HealthCare.gov: Could Project Management Have Been the Game Changer?
Months after its’ highly anticipated launch date of October 1, 2013, the failures of HealthCare.gov website are still the subject of talk show and late-night hosts alike. We just can’t seem to get enough of the colossal failures surrounding the launch of HealthCare.gov. My colleague Sam Clayton, recently blogged on the subject of electronic health and medical records, foreshadowed many of these problems as a result of a myriad of challenges. [Read Sam Clayton’s Blog] From my point of view, there are a number of lessons we can learn about the value that better project management practices would have had in achieving the desired result in providing health care access to millions of uninsured.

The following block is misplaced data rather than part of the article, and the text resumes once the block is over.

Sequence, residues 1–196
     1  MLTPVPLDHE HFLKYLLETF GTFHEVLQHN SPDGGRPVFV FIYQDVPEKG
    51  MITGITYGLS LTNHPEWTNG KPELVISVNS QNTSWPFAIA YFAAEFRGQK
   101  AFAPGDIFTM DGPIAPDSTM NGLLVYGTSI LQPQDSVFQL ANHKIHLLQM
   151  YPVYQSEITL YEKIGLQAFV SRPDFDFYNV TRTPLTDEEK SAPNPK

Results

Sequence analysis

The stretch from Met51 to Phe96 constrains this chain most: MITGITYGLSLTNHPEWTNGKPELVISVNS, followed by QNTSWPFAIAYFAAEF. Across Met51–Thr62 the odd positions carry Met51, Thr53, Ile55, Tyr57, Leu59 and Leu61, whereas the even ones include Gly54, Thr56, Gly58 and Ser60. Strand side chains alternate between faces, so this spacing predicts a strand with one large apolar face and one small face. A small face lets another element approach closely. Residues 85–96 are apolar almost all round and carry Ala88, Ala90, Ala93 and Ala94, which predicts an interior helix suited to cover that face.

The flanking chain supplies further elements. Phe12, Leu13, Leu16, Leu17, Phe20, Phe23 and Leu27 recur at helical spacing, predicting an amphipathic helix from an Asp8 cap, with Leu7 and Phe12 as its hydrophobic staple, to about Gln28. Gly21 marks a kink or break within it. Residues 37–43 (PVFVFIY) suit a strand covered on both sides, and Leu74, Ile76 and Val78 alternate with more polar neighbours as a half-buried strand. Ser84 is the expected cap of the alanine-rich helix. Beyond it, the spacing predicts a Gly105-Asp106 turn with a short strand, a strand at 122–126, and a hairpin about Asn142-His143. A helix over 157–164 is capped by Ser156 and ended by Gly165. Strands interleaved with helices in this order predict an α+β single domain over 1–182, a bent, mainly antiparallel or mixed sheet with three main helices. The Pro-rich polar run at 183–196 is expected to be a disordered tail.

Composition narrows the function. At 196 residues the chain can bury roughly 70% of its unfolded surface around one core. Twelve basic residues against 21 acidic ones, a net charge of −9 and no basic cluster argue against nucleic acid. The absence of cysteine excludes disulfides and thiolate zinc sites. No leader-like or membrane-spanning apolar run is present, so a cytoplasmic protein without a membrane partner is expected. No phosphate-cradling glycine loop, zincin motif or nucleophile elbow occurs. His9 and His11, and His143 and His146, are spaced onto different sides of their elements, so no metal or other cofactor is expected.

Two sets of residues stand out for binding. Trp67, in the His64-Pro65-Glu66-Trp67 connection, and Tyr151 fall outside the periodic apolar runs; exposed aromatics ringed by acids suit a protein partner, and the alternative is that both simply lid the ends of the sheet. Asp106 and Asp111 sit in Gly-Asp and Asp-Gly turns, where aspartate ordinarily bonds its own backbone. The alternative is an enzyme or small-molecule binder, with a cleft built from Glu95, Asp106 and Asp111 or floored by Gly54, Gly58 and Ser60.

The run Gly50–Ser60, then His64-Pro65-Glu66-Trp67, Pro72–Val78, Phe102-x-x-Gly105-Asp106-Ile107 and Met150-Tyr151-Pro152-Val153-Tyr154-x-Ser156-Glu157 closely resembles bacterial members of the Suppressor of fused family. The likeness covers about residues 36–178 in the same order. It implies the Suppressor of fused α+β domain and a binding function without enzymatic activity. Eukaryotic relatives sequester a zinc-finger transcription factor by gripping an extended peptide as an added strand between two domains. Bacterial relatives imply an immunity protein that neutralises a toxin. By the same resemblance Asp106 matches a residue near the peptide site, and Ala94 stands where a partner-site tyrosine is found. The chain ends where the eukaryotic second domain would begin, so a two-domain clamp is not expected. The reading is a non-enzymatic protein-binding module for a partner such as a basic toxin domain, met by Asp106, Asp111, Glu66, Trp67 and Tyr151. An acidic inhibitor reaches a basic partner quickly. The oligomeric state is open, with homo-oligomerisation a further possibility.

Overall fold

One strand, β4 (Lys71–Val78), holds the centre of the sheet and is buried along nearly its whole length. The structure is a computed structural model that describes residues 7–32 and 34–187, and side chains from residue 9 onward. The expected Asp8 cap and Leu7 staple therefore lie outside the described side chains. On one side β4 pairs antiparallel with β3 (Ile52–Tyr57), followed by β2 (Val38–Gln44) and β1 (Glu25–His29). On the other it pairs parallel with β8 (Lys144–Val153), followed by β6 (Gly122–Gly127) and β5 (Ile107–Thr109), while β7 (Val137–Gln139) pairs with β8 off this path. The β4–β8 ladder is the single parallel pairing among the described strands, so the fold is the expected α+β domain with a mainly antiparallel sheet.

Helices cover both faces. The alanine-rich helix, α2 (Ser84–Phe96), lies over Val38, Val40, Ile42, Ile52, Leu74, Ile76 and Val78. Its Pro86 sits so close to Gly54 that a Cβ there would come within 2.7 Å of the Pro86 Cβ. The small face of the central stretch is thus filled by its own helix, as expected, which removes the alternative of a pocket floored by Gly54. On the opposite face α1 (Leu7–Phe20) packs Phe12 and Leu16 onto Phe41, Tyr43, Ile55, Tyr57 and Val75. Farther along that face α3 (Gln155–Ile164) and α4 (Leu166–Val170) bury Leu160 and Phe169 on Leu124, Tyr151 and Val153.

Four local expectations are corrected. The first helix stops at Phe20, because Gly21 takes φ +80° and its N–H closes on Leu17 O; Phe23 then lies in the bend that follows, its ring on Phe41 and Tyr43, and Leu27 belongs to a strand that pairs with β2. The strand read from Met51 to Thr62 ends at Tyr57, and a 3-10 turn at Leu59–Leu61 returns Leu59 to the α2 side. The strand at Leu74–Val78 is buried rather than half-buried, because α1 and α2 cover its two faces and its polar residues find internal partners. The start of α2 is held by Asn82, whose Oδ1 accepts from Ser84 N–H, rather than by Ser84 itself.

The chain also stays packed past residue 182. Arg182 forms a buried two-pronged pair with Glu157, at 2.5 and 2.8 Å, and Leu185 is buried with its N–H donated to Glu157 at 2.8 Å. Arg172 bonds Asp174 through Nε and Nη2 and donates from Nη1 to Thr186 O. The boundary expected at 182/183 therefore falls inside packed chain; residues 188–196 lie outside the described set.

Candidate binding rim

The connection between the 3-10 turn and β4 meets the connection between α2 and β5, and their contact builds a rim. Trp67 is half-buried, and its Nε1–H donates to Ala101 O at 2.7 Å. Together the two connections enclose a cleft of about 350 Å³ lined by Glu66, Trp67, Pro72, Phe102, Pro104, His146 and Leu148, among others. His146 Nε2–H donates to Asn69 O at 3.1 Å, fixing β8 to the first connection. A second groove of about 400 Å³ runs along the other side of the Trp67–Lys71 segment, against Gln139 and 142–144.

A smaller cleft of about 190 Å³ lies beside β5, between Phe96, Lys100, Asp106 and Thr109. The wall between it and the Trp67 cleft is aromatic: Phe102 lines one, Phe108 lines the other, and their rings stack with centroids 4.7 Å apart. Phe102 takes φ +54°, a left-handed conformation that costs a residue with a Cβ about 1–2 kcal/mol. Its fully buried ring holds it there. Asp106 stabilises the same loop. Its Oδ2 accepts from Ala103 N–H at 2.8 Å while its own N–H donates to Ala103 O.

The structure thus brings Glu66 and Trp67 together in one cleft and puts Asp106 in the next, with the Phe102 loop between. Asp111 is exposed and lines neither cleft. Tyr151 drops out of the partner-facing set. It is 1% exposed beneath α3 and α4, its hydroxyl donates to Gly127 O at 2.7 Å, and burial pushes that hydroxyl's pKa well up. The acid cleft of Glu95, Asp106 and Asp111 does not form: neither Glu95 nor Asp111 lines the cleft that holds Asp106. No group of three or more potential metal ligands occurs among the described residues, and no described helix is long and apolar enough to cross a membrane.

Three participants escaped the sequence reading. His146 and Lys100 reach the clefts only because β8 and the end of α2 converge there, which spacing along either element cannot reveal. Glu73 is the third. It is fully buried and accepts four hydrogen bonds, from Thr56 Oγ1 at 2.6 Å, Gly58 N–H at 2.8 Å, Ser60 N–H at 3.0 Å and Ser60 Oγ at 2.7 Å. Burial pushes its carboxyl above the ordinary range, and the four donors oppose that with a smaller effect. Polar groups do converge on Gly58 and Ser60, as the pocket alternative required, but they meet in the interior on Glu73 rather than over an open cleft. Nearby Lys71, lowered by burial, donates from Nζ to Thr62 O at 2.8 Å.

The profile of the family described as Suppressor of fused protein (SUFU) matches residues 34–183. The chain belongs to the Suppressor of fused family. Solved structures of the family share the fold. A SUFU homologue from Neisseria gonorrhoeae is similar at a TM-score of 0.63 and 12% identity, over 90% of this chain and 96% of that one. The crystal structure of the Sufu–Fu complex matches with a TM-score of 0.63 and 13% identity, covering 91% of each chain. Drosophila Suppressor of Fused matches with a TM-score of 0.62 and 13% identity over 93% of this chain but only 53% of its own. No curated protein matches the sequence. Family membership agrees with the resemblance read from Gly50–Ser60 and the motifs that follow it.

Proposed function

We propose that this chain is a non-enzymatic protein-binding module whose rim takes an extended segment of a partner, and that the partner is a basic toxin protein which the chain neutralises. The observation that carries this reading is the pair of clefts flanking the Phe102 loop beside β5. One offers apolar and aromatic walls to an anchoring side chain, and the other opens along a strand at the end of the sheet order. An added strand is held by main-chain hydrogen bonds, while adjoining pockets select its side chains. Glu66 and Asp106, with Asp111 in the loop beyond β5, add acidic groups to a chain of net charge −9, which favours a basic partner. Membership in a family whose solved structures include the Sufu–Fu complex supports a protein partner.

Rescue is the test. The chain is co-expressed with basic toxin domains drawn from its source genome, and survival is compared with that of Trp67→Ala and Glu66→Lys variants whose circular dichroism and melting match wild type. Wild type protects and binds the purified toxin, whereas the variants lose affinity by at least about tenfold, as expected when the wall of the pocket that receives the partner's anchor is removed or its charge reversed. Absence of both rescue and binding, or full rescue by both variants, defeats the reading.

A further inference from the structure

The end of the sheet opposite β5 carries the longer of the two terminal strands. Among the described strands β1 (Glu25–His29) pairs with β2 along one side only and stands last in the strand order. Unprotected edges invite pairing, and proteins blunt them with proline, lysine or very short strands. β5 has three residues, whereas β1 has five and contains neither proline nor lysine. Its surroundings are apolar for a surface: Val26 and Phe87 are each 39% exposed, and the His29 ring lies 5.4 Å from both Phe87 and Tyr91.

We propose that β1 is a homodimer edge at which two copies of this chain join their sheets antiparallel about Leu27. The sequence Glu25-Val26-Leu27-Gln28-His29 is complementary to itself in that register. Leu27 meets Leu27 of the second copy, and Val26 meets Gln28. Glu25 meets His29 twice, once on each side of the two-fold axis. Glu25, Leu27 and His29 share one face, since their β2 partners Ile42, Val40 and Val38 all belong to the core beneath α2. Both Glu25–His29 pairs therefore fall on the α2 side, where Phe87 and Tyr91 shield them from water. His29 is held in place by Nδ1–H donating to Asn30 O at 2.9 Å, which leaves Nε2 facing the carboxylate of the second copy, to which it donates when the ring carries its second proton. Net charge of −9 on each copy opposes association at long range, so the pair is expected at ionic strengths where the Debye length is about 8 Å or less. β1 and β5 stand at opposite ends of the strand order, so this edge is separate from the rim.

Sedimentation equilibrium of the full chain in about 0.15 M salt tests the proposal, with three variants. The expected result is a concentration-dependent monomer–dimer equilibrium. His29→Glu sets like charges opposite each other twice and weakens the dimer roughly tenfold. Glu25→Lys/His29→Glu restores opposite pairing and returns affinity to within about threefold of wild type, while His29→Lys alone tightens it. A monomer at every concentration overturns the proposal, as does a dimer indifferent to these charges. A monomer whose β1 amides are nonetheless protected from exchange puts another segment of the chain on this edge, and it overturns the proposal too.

Project management is more than coordinating a program – a set of projects – or executing a project properly. In a larger sense, the discipline of project management, like a science, follows a clearly defined set of processes and relies on a number of tools and techniques to obtain an organization’s desired results. Equally as important to the proper execution of this “science” is the assignment of a project manager to ensure that all of the necessary steps are followed. HealthCare.gov was a monster of a project and there was no single administrator whose full-time job was to manage the project. December 11, 2013 -Information Week posted an article titled, “HealthCare.gov Proves Software Delivery Needs Modernizing,” in which Dave West discusses what he calls “the HealthCare.gov website disaster.” He writes, “In the Affordable Care Act website example, the best result would have come from a project manager viewing the entire software delivery lifecycle and more fully engaging the participating vendors, including the ultimate customer. This feedback would have provided the project owners with better information on which to make decisions…”